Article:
Voters thought they had changed this for state races with Prop 11, in 2008. Many voters hoped this year’s Prop 20 would extend the correction to congressional districts. The gerrymanderati countered with Prop 27, which would undo Prop 11 and save the safe seats.

Any reader who has come this far knows where my sympathies lie on these two propositions. However, in poking around on the Web, I first got swept away by websites devoted to the weird shapes of gerrymandered districts, and then by a couple of names that jolted me back to some foreboding memories from my youth.

In 1971, I took a part-time job as a custodian for a rundown strip-mall in Van Nuys. It was the perfect set-up for a UCLA student, $200-a-month for odds and ends I could fit around my class schedule. The downside was the creepiness of the people I was working for. I never passed by my boss’s office without wondering if I was working for Mafia dons. I never saw the boss and his brother together without the feeling they were plotting to take over the world. I stuck out the year, graduated, and quit.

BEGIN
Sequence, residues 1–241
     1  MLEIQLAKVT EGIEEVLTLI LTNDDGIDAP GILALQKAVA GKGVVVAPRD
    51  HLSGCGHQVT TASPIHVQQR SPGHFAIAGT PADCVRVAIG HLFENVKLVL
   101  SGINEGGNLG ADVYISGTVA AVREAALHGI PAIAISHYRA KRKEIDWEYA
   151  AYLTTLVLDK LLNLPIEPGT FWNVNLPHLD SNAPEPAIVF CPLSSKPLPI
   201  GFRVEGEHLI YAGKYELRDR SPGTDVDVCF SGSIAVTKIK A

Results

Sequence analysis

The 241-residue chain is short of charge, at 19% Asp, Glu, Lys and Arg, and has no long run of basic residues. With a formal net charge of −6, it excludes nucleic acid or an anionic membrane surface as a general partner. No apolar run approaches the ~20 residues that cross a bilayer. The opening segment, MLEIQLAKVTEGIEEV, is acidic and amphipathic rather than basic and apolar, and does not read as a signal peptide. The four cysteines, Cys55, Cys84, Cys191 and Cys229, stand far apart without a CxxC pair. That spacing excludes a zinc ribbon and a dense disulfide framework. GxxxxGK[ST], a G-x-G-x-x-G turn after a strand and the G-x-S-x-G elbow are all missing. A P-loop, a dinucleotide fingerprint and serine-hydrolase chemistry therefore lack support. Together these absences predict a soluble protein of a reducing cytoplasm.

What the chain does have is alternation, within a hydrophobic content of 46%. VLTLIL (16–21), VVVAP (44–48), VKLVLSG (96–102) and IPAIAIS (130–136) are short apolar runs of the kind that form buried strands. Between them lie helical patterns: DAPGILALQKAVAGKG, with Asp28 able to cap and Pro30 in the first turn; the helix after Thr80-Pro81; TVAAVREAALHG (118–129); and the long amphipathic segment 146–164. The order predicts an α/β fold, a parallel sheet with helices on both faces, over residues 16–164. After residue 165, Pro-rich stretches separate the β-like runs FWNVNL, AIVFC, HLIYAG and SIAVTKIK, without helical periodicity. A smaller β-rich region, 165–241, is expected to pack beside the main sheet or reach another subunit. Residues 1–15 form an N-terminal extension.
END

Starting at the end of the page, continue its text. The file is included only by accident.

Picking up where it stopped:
It turns out I was half right. They were not Mafia dons. They
were plotting to take over the world. And they have been remarkably successful at doing so. Before I had ever even seen a computer, Michael Berman understood that it could be used to assemble mailing lists of niche interest groups that would allow politicians to target a large collection of small audiences with sometimes contradictory promises. Then, computers could facilitate the otherwise tedious process of drawing gerrymandered districts. His methodology became the fountainhead of Democratic successes from Willie Brown to Nancy Pelosi, and propelled his brother Howard to chairmanship of the House Committee on Foreign Affairs. As one article explains, by following the money, it becomes evident that Prop 27 is largely inspired for protecting Howard Berman’s funny-shaped (my Rorschach results: Frankenstein on skis) district, to the larger end—through his chairmanship—of protecting Israel. (Full disclosure: like many Evangelicals, I am highly favorable toward American support of Israel, though I would like to see it accomplished by way of honest elections.)